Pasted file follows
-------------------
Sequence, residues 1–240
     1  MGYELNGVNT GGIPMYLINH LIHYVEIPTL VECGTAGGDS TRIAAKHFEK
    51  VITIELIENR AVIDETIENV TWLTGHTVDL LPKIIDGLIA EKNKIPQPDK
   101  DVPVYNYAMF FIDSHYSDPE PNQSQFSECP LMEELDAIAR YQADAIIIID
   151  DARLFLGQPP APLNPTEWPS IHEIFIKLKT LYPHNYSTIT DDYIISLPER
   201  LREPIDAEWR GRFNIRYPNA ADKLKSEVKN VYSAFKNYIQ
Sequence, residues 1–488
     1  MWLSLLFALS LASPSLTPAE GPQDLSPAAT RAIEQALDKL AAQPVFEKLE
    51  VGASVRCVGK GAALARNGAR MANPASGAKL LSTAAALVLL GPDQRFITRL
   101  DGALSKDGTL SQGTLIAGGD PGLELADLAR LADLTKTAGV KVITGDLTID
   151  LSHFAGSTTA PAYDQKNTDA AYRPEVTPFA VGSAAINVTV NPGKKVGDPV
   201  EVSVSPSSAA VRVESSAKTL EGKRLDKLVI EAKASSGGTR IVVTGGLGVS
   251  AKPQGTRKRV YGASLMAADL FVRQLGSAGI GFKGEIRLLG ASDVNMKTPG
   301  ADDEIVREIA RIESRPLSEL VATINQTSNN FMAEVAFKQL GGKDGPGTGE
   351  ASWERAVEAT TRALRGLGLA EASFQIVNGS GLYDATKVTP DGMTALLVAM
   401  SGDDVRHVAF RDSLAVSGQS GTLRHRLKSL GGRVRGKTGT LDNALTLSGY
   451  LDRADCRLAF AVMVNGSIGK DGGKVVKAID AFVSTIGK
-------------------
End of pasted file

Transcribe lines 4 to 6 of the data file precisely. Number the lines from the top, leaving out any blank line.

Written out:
   101  DVPVYNYAMF FIDSHYSDPE PNQSQFSECP LMEELDAIAR YQADAIIIID
   151  DARLFLGQPP APLNPTEWPS IHEIFIKLKT LYPHNYSTIT DDYIISLPER
   201  LREPIDAEWR GRFNIRYPNA ADKLKSEVKN VYSAFKNYIQ